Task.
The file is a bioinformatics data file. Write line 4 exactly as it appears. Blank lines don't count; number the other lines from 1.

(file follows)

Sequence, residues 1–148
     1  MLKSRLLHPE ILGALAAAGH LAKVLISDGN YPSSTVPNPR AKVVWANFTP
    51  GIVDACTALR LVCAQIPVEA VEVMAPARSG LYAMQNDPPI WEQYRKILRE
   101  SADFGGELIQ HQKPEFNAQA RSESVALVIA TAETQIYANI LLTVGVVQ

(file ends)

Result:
   101  SADFGGELIQ HQKPEFNAQA RSESVALVIA TAETQIYANI LLTVGVVQ